This letter is written in response to your handling, or mishandling of serious problems that have occurred in the marriage of [my and husband’s names]. As a practicing mental health therapist and life coach…I have become intently concerned about the lack of professional expertise and care extended to her, [her husband], and their children by you and your associates. Although [she] and her children have moved to another church at this time, I believe the following information needs to be shared with you in an effort to help you become better equipped in dealing with these issues when they arise with others.
[She] first told me about the problems with [her husband] last fall and I encouraged her to seek help through the church. Certainly this seemed a logical first choice as you have known this family in your small congregation for five years. I shared with [her] the importance of staying connected to the church, as Christ intended for the body to minister, providing strength during difficult times as these. [She] agreed to do that and continued to share more about the problems. She described [him] as “going up and down” with odd, unstable, angry, abusive manners varied by times of withdrawal/runaway behaviors. Based upon this information, it seems that a professional in the clergy or mental health field would give consideration to the diagnosis of Bipolar, a serious mood disorder.
Her additional descriptors truly seemed to fit manic and depressive symptom cycles and I told [her] that having the church counselors conduct an assessment and biopsychosocial in conjunction with a mental evaluation would be beneficial. She said [he] cursed out his doctor the last time he was there but I thought you or your associates could assist him helping him understand the importance of getting medical help. After all this time, it has amazed me that neither you nor your associates have had insight to recognize the need for medical and mental health intervention. Does anyone there have the Diagnostic and Statistical Manual of Mental Disorders (DSMIV)? If not, it would be good to get it. I would expect a pastor to have an overview knowledge of the material and a therapist/counselor to have extensive training and strong working knowledge of this information.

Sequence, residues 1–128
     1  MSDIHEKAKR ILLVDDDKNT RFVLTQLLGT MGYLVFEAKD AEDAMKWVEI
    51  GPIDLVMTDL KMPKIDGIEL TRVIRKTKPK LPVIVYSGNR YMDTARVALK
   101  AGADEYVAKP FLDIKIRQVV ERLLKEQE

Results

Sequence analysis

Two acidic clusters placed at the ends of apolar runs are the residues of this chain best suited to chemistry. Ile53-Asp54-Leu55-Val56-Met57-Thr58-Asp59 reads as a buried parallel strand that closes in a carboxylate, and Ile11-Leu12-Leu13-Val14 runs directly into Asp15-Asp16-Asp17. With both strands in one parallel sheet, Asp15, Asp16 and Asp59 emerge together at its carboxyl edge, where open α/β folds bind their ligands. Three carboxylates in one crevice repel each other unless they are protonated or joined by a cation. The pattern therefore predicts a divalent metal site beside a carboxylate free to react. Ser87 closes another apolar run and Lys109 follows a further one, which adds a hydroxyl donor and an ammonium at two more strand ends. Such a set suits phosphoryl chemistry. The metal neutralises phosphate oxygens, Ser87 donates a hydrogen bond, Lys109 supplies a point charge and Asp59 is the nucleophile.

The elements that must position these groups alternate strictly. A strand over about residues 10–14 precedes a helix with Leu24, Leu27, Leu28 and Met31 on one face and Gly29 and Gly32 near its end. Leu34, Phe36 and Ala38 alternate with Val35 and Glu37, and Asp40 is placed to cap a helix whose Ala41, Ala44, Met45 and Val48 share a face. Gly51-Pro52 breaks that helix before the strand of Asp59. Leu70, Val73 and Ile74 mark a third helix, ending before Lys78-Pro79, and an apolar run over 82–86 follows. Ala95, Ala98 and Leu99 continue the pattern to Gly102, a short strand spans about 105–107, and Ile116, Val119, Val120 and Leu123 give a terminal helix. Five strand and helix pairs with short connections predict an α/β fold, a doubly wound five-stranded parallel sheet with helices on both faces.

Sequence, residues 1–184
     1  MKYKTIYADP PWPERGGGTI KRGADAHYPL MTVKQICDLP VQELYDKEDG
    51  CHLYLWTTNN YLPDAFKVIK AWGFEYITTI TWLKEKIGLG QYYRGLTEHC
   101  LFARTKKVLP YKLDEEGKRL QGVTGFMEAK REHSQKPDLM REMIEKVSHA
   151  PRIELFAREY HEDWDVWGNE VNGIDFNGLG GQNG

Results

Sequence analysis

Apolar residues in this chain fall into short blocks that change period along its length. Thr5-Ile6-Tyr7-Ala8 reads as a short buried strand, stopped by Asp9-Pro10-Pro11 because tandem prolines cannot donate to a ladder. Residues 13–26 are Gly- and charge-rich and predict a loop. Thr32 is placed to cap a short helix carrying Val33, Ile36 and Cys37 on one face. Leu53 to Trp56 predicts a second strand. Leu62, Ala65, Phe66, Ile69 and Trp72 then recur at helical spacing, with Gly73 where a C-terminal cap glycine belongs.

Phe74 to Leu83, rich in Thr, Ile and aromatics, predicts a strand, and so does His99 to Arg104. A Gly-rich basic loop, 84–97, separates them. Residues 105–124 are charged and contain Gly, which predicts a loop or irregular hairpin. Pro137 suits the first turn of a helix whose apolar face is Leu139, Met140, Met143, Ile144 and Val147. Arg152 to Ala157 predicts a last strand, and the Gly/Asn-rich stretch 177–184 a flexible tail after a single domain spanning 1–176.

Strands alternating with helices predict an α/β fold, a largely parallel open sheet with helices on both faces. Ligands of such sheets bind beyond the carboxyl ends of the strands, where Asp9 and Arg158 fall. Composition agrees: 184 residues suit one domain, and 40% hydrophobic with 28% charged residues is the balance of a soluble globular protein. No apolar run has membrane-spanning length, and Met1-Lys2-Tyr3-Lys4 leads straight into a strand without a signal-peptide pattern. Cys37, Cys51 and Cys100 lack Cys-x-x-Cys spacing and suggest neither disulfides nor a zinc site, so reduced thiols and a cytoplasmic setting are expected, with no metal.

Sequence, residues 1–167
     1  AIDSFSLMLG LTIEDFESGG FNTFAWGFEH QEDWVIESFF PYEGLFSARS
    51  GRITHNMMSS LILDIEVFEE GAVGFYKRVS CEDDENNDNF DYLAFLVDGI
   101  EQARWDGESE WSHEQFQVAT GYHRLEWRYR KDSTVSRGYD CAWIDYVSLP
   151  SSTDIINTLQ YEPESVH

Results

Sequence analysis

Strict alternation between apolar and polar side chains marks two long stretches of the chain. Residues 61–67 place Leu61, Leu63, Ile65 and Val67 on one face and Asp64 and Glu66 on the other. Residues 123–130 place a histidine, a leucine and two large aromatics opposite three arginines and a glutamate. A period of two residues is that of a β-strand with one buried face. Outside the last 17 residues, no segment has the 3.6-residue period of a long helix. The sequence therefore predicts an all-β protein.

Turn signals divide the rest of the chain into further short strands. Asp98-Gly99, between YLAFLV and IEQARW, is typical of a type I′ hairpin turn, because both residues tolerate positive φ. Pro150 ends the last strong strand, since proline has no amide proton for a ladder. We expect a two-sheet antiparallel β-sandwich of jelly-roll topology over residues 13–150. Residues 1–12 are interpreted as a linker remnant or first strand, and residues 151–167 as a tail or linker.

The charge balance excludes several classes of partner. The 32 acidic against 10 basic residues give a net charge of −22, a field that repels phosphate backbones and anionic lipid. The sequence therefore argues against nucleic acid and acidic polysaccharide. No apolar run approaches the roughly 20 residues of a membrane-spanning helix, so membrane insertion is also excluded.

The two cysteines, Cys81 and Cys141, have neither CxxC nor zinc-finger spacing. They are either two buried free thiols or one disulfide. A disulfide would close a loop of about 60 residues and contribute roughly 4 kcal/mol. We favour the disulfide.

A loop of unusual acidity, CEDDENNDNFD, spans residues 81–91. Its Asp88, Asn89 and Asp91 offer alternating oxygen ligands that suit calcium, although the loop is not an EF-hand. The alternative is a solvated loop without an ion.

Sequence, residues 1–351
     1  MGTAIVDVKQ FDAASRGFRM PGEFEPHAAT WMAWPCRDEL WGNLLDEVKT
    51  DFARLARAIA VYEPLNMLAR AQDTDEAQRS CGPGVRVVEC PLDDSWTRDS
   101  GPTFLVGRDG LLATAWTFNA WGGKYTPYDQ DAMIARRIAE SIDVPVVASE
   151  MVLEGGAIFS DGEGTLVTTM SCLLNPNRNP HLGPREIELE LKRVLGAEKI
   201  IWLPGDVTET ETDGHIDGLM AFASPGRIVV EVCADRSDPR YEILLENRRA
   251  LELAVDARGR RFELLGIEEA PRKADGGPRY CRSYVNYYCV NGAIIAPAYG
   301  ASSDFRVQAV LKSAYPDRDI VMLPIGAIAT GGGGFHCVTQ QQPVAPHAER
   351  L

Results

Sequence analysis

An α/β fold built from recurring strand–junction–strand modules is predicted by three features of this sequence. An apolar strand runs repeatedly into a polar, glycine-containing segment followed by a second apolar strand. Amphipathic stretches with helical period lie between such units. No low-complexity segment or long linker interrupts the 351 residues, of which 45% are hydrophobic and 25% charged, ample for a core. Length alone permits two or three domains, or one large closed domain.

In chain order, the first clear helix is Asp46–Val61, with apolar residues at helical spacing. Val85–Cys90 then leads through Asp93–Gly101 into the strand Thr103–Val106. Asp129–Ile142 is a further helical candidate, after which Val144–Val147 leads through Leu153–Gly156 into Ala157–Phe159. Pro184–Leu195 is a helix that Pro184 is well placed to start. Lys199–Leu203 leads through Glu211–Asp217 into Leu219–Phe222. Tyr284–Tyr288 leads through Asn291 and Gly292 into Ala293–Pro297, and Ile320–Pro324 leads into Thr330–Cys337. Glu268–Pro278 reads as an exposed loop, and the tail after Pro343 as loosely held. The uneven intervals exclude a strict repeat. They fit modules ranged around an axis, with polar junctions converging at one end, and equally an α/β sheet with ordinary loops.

Although ‘peace keeping’ counseling is a nice concept, it cannot and will not address serious problems such as these. This is a very serious mental health condition…In addition, [she] has described unusual and bizarre behaviors within the family members such as cruel manipulation, angry outbursts, and fugue behaviors by [his] father and grandfather, etc. that understandably frightened her and gravely concerned her all of their married years. The validity of [her] statements were never questioned in my mind and thoughts that she was delusional, psychotic, or an unsubmissive wife didn’t total up either. [She] continued that the children were well aware of these problems as they have witnessed these abusive behaviors towards her and some of the children for years. The input from the adult children, along with spouse statements, are critical to those who truly seek to help the ill person understand symptoms, behavior patterns and ultimately develop a treatment plan and safety plan for everyone’s protection.
With regard to [her], I believe that she has suffered trauma for a long period of time to the extent that it could be diagnosed as Post Traumatic Stress Disorder. I would highly encourage you to research this as it will explain many of her statements and fears…This is the most common diagnosis given to victims of abuse. This makes sense that [she] cannot function in the area of marriage when she is declaring it abusive! Also, the fact that [she] is afraid of [his] anger, didn’t want to see him at an inappropriate “mediation” and that she has stated the marriage has been broken to the point of divorce makes sense. Again, it truly amazes me that you and your associates have not identified the pain and suffering that [she] has experienced! I don’t believe that you have even begun to ‘hear’ her story and minister compassion and love that a victim and her children deserve.